Very cool. An excellent Music/CDT video for your entertainment…
Not a fanboy. Please try to keep that in the back of your mind. Yes, I’m typing this on a Mac, yes I have an iPod. BUT I have an android phone, several windows PCs and a healthy understanding of the real world. So please, don’t think this is just a fanboy rant, it’s not. What it is, is an attempt to point out that we’re at a tipping point in education technology and that the next step, probably made by Apple at their product launch in San Francisco on Wednesday, could change everything.
We’ve had the iPad since the Summer of 2010, an incredibly thin device which uses a touch screen and can fit in an A4 envelope. It can access the web, seamlessly handle your email, manage your media content and a host of other tasks through a wealth of apps. As Steve Jobs used to say it’s “insanely great”. The iPad launched an industry wide rethink of what IT is, what it’s for and who should have it. Now just about every IT manufacturer has a tablet device, there are a variety of operating systems, and app development is a major growth industry. If you still think IT is sitting behind a massive grey box and a 15 inch CRT monitor or that Microsoft Word and spreadsheets is what the IT curriculum should teach you have missed this revolution completely.
Many schools have ridden the crest of this wave and already brought tablet computers into the classroom. Schools which issue their learners with their own iPads do exist. Units are being written as we speak allowing you to use tablet computers and mobile devices in art, music and media exams. Companies are already writing apps for classroom teaching, classroom management, assessment and support. The education tablet revolution has started but it it is, at the moment, in the hands of the enthusiast.
It is widely expected that Apple will launch a smaller version of their iPad on Wednesday (I’m not an Apple pundit myself, but Engadget and Macrumors will back me up here) as well as a larger phone, refreshed iMacs and iPods. It could be quite a day. The smaller iPad is a very interesting idea as it comes hot on the heals of the Kindle Fire and a host of other Android based tablet devices. A smaller screen would bring limitations but it would also bring a cheaper price and perhaps a price so compelling that buying a class set, or indeed one for every learner is financially wise. In the UK you can get an iPad for £329 from the apple store, it’s not the latest model but it’s cheaper than a typical PC laptop. The kindle Fire is £129, just how much would a smaller iPad cost?
The Apple argument will be that the iPad is the only real tablet proposition for schools as there are apps in place, robust app quality control and apps in every subject and for every use. Guaranteed learner engagement in a sleek, brushed aluminium case. Android and the new Windows operating system (which is just around the corner) might argue with that, but the condition is clear. If Wednesday goes the way the pundits are telling us, we may well be seeing the argument crashing on our desks this week.
If you are not going in this direction, parents will want to know why.
So, yet more tech is released and more things to keep up to date with in the world of book readers. I am of course refering to the new “Amazon Kindle Fire HD” which was released yesterday and can be bought through Amazon.co.uk right now. This is great news for the UK who have not had the full range of kindle products, some of which were available in the US only. The Fire HD is set to compete with the iPad. At £159 it is considerably cheaper though and puts a huge challenge down to apple to make their next offering as compelling. We should find out at the Apple product launch event next Wednesday… Sorry I digress.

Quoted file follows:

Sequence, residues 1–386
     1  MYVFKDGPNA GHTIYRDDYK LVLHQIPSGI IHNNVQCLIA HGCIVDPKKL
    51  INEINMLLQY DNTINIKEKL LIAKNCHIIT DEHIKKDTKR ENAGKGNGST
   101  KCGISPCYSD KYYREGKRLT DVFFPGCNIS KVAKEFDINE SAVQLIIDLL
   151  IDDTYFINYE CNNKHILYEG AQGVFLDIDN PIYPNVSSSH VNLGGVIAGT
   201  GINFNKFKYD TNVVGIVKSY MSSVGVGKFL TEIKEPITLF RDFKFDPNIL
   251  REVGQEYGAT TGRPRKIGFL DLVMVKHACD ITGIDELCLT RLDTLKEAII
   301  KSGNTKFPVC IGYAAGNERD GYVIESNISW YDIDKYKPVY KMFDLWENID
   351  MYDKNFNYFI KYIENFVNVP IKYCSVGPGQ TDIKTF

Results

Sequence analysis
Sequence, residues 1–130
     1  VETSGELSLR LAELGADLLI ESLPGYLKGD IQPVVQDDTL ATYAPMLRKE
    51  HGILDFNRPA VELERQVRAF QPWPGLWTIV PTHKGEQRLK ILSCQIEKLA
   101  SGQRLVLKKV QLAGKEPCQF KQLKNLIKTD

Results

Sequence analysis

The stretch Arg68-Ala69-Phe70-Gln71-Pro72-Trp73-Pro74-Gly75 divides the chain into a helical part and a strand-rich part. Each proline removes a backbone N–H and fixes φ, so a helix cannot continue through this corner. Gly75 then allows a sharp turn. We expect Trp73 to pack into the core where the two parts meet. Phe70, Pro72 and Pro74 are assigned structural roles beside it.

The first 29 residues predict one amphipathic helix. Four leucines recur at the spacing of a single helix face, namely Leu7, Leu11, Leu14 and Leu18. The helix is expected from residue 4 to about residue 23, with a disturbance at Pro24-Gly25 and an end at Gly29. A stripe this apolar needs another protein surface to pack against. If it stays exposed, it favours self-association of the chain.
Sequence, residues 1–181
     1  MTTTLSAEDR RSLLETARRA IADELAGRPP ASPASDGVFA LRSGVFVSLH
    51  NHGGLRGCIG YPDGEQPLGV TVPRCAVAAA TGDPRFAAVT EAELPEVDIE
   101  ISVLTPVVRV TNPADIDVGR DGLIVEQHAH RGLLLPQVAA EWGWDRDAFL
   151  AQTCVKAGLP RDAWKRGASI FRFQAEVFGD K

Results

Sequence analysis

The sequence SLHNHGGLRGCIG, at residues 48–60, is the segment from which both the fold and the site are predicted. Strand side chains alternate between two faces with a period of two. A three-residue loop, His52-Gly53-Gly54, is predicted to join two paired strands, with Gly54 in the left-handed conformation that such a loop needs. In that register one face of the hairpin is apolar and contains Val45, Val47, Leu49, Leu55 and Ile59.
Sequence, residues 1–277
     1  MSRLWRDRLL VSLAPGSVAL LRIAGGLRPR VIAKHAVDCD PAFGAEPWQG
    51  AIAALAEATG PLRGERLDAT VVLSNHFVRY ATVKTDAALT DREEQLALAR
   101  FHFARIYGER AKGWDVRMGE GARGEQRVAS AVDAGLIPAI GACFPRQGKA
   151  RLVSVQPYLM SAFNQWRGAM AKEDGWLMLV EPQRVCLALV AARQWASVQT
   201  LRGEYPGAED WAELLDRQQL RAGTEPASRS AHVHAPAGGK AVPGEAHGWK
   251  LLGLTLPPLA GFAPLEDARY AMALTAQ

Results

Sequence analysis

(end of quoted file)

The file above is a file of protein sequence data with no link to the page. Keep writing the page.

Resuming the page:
Its eReaders which are interesting me today and in the Kindle range we have a number of models to tempt you. The Kindle, Kindle touch and Kindle keyboard, as well as the Fire and Fire HD. All at very compelling prices. How long will it be before eReaders are given away free? Not long I think.
Let’s also not forget the Nook and the other eReaders out there in the marketplace, a marketplace which is becoming crowded and confused.
My experience with my Kindle keyboard this Summer was great, I read Haruki Murakami’s IQ84 books 1 and 2 quite successfully on it, and then the family got hold of it for E L James’s 50 Shades of Grey and I never saw it again. There were loads of Kindles at the side of the pool as well as good old paperbacks and copies of the Sun. So the paperback is certainly not dead.
The thing that interested me though was that I saw no one younger than 30 using a Kindle. Everyone younger than 30 was glued to their phone. They may have been reading eBooks on them (indeed the Amazon App allows you to read your books on any device, not just kindle hardware) but they were more than likely texting, gaming, facebooking or youTubing. Kindles don’t have the coolness factor required to be seen in public with.
So should we be encouraging learners to use ebooks, paperbacks, phones or iPads (or Fire HDs)? Should we be spending our school budget on a set for each class? Is the mobile phone ban still a sensible strategy on school?
The important thing is that learners read, and enjoy reading and surely anything and any technology which encourages that is a good thing. I’m very tempted by the Fire and Fire HD to replace our iPad which is off to university in a week or so (one of our children will be accompanying it) as I doubt I will see the kindle again for as long as they publish 50 shades books…
My experience of rehearsal rooms when I was young was that the equipment would be ropey, your ears bled afterwards and would ring for days, and that you shouted so much that your throat was ruined for at least a week. Oh, and there was always a disgusting old sofa in the room somewhere.
I think those days might thankfully be over. This means you can rehearse with headphones on and control the mix you get without ruining everyone else’s experience. And no shouting, talk through the microphones at all times. That way you need never take them off while you rehearse.
The secret is “headphone busses”, normal mixing desks will provide you with one, maybe two or three headphone outs, which have their own controllable mixing sections. This device designs that feature up front. Each headphone out, has it’s own mini-mixer section allowing individuals to set exactly what they want to hear. without changing anyone else’s mix. These individual busses, yes, that is the word, give the JamHub its USP. Each feature is colour coded as well, meaning that if you are plugged into green, your sound will be on green right the way through the unit. Once you see the colour coding, it speaks for itself, not that the manual isn’t pretty good as well.